From AlterNet, an article called The Idea That Brought Slavery to Its Knees: "In the idea that those who suffer 'no grievance or injury' have the obligation to speak up for those who have suffered them lies the birth of the vision that human rights are universal." The setting of this historic moment?: 1787, London. Thanks to T for drawing it to my attention.
Today in French class at M Middle School, the students watched "La Petite Sirene," which, of course, is le "28e chef d'oevre d'animation de Disney" and features the beloved song "Sous l'ocean."
While the kids watched that, I read yet another YA novel (part of my campaign to make up for not having taken a course in it in library school). In an hour, I can read about 80 pages of a kid book. The book in question, Surviving the Applewhites, features an artsy family, their home-schooled kids, a self-identifying Bad Kid from the City with pink spiked hair, and a show that - yes - gets put on in the barn. I enjoyed it.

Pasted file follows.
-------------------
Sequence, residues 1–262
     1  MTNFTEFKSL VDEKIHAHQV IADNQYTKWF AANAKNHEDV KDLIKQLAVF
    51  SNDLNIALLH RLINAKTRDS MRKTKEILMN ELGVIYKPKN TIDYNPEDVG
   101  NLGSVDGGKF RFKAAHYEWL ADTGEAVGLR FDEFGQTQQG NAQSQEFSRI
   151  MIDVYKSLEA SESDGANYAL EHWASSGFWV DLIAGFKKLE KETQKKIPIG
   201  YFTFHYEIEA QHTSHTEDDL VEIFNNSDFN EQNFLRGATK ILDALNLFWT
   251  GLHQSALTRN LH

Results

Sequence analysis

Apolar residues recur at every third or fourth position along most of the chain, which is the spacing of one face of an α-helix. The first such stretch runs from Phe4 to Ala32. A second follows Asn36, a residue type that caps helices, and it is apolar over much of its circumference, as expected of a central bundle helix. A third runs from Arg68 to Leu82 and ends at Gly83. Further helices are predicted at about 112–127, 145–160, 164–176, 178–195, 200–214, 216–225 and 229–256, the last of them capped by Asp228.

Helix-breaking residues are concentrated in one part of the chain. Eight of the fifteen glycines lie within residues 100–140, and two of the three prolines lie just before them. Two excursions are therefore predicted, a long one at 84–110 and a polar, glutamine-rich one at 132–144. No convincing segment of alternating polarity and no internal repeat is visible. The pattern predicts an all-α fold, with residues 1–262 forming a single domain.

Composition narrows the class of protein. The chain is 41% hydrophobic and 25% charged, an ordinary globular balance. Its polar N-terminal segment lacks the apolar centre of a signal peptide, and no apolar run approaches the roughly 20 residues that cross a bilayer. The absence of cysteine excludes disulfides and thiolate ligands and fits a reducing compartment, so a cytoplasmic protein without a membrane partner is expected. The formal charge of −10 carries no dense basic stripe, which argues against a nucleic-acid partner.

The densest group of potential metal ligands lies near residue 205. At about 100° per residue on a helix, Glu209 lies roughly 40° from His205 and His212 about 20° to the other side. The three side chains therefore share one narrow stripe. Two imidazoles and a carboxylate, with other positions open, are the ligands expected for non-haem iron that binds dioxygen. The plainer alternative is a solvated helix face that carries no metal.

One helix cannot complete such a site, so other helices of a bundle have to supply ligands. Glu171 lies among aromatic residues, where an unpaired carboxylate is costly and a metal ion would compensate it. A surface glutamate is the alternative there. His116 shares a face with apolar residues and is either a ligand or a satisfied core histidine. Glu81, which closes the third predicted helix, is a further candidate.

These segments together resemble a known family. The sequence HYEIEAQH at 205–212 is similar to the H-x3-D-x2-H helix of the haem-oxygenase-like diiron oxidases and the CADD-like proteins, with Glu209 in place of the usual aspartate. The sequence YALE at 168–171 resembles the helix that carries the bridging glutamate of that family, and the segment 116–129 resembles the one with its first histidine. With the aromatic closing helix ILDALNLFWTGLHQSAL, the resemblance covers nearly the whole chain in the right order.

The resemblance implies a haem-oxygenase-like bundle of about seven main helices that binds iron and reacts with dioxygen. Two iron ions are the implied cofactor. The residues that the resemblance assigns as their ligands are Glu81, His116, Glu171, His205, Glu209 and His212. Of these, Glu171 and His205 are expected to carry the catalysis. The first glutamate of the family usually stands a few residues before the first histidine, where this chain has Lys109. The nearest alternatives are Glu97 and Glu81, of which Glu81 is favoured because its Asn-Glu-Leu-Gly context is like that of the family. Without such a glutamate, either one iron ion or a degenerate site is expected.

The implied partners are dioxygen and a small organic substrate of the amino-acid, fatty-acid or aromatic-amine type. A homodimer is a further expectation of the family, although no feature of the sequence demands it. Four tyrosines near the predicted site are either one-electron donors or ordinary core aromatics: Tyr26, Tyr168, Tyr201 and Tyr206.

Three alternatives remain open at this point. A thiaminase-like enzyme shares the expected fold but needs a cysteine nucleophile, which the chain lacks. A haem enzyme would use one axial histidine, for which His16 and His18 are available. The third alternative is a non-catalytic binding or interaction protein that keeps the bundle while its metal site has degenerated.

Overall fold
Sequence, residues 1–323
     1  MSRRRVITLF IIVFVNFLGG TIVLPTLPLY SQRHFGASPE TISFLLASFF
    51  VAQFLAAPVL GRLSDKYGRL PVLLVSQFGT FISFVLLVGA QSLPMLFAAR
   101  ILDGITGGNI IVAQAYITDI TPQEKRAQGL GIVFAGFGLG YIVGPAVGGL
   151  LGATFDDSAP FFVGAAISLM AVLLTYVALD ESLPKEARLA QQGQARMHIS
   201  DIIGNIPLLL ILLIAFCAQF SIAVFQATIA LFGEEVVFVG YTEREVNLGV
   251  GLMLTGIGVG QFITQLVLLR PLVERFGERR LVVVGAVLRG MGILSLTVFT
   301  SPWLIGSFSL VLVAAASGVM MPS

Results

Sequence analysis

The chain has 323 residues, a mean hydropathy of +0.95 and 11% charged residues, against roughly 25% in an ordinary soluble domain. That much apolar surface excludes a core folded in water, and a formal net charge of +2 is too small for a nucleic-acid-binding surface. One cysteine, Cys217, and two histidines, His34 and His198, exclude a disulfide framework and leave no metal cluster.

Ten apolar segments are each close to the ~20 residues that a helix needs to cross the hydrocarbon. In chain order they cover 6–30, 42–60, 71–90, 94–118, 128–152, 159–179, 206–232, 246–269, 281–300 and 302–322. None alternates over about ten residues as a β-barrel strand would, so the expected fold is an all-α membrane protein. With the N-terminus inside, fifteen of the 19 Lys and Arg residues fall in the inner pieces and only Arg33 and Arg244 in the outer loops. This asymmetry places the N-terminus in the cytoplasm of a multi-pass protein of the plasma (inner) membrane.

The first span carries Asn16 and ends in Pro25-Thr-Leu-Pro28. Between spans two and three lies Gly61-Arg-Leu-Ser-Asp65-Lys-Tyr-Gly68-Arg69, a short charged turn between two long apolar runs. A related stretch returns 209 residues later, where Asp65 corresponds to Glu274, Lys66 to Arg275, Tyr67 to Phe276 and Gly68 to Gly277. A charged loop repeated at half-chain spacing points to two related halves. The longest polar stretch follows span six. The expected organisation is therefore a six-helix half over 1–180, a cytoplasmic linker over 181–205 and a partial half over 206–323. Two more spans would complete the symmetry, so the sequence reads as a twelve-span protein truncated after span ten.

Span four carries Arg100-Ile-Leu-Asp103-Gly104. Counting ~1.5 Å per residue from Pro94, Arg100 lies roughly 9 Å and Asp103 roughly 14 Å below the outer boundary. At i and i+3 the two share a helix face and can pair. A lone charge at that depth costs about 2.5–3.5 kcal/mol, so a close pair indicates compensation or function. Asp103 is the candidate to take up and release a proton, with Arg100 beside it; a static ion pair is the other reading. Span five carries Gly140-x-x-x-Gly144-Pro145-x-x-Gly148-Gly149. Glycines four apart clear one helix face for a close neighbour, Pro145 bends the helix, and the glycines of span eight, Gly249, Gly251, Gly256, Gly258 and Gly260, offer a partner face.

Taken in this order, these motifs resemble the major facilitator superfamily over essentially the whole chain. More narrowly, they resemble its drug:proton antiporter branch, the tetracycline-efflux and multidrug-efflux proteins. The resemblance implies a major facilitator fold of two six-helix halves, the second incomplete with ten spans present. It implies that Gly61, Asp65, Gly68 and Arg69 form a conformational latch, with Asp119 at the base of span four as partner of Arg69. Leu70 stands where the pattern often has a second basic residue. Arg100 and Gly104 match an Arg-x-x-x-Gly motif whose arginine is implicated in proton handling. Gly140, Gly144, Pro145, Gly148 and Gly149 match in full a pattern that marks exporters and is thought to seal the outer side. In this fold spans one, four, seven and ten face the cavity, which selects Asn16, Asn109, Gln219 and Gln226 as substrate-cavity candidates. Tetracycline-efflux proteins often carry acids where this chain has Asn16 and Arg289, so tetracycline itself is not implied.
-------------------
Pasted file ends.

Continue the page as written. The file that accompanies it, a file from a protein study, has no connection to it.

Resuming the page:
Math and Science
During study hall, for the first time in a long time, students asked if I could help them with homework. Alas. something on charting and graphing eluded me, even when I studied the example. I took one glance at the pre-chemistry business of balancing formulas and my brain clicked off in denial: No, I never could understand that.